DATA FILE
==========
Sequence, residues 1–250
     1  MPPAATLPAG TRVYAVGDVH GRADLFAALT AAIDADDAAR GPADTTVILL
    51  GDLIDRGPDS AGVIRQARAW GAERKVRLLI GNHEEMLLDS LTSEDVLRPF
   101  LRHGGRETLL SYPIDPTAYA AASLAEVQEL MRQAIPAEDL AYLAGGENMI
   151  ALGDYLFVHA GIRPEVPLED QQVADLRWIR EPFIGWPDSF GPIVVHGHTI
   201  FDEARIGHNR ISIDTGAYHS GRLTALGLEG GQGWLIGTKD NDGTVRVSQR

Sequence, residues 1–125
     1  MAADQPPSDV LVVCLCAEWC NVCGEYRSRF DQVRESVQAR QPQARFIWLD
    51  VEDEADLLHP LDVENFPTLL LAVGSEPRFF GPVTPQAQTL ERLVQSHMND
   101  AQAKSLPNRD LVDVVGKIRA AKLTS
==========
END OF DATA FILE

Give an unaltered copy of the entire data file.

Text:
Sequence, residues 1–250
     1  MPPAATLPAG TRVYAVGDVH GRADLFAALT AAIDADDAAR GPADTTVILL
    51  GDLIDRGPDS AGVIRQARAW GAERKVRLLI GNHEEMLLDS LTSEDVLRPF
   101  LRHGGRETLL SYPIDPTAYA AASLAEVQEL MRQAIPAEDL AYLAGGENMI
   151  ALGDYLFVHA GIRPEVPLED QQVADLRWIR EPFIGWPDSF GPIVVHGHTI
   201  FDEARIGHNR ISIDTGAYHS GRLTALGLEG GQGWLIGTKD NDGTVRVSQR

Sequence, residues 1–125
     1  MAADQPPSDV LVVCLCAEWC NVCGEYRSRF DQVRESVQAR QPQARFIWLD
    51  VEDEADLLHP LDVENFPTLL LAVGSEPRFF GPVTPQAQTL ERLVQSHMND
   101  AQAKSLPNRD LVDVVGKIRA AKLTS